Aging is going to be the death of me—literally, I hope. At least I think I hope. Actually, maybe it would be a lot easier to just go down in a plane or get a quick life-taking disease. Watching my Mom age makes me see the hardness of it. But that’s another story.
I don’t think of myself as old. I kind of think of myself as thirty-five, which I say is the perfect age. Forty isn’t a very good sounding age because the word “forty” isn’t very attractive. Maybe I think that way because my dad would always comment on an unappealing person as “fat, forty and 4F”. I still don’t know what that means. Do you? Anyway, even though I am now twenty years past forty, I think of myself as young. At least until I look in the mirror, of course. But I try not to do that too often.
Several incidences have brought me to the conclusion that I might perceive myself as young but others certainly don’t. Here are just two of them:
I had an obligatory meeting to go to that I knew was also going to be attended by an old high school friend. I hadn’t seen him for a very long time, but he had been an especially good-looking guy in high school and I somehow expected him to look the same. I even dressed particularly youth-fully so that he would definitely have to say, “Wow, Elizabeth, you haven’t changed a bit.”
Well he didn’t look the same. At all. He had a pot belly, was quite bald and wore suspenders—suspenders! I was shocked and disappointed.
And what’s more, he did not say, “Wow, Elizabeth, you haven’t changed a bit.” After contemplating for awhile, I realized he didn’t say it because it would have been a big fat lie. He was probably just as surprised at my changes as I had been at his.
On another occasion, I was in Wal-Mart waiting in line to have some fabric cut. (What I possibly could have been sewing, I can’t imagine right now.) Standing in line, I had time to analyze the clerk who was cutting everyone’s fabric and this was my thought process:
“Boy, they really get old people to work in here. That lady’s hands seem translucent and feeble and her hair is so thin. She’s a little old woman.”
After some closer observations, I realized with absolute horror that this woman had graduated from Westwood High School with me. She was my age! I was stunned!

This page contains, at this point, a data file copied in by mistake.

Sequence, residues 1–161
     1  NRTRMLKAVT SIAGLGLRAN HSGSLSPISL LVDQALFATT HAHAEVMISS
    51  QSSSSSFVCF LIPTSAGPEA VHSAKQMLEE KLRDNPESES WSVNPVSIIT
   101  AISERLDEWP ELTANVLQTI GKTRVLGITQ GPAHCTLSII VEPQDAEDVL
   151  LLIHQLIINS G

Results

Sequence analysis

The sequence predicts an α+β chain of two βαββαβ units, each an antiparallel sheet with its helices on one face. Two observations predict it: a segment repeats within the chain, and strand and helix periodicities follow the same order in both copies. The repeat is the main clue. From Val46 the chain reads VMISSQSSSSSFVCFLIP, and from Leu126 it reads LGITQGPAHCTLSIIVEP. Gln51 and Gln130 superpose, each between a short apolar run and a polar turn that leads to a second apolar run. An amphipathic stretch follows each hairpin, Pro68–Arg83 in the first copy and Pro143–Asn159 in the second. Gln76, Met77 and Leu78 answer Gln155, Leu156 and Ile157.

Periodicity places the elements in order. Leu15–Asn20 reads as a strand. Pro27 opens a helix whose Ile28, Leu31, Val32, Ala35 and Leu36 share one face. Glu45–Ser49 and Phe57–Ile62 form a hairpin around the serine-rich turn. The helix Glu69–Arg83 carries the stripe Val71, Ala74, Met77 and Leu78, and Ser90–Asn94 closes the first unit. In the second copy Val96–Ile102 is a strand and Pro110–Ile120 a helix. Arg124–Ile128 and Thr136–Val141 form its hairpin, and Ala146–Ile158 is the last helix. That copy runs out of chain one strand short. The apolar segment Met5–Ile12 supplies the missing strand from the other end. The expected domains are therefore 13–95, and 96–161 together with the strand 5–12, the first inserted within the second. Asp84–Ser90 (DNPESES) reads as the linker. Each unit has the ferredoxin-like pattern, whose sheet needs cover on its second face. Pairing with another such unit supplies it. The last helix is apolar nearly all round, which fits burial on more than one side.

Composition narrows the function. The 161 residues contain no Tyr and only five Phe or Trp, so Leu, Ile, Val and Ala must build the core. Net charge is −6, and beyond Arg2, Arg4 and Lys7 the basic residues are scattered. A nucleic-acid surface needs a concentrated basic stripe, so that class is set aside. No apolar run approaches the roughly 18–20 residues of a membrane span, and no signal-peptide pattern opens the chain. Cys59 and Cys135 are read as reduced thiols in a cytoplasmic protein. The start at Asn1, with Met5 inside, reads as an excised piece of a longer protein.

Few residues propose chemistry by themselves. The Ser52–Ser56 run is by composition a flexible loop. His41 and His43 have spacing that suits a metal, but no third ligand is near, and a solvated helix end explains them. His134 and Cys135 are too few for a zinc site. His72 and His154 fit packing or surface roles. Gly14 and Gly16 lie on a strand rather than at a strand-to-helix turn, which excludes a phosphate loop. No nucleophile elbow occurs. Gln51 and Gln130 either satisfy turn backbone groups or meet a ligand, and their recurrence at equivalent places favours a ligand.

By the time it was my turn to be waited on I was in a stammering mode. “Hi,” I managed. “I remember you from high school.”
“Yes” she said. “And I remember you, too.” She seemed a little cool. Maybe she had read my thoughts. I got very self-conscious.
“I bet you get to see a lot of people from the past in here,” I ventured.
“I do,” she said. “And they all look so old!”
I had been thinking how old she looked and she almost outright said that I looked old, too. The nerve!
Old age is like a disease that you never think you’ll catch. You’re so surprised when you turn fifty or sixty or seventy and everyone else seems surprised, too. No one is as surprised as I am to be sixty years old. How did that happen? Wasn’t I vaccinated against aging? The years just seemed to tumble over each other racing to get me to this age. I have to stop and consciously remember that I have already had my turn at youth. I had a very wonderful childhood. My twenties were pleasant. My thirties were delightful. My forties, although I have already disparaged the sound of “forty”, were maybe some of the best years because they came with new vision and new attitudes. My fifties rushed by with lots of experiences and now here I am at sixty and it seems like before I can count as high, seventy will be here.
I finally have to concede that I am no longer young. I have caught the disease and it’s my turn to be this age. My fingers have been pried from youth and I will try to accept it with graciousness and dignity. I will try not to give dirty looks to the checker at Fry’s when she gives me the senior discount without even bothering to ask me if I could possibly be old enough to qualify for it. I will try not to whack my grand kids when they say I’m starting to look like Grandma Great or my kids when they say, “Oh, Mom, you’re so cute when you ride your bike.” I will acknowledge the fact that my face now needs a lot more concealer than makeup base and that when the welcomer at Sam’s calls me “young lady” he really doesn’t mean it. In fact, he means the opposite.
I may not be young but I am definitely not old. Not yet. Actually, if the long lives of my close relatives are any indication, I think I'm only about two-thirds through this complicated yet fascinating life. Think of that--thirty more years! Great things can be accomplished in thirty years so I can't let aging get in my way. And I absolutely refuse to think of myself as "old" for thirty whole potential-filled years.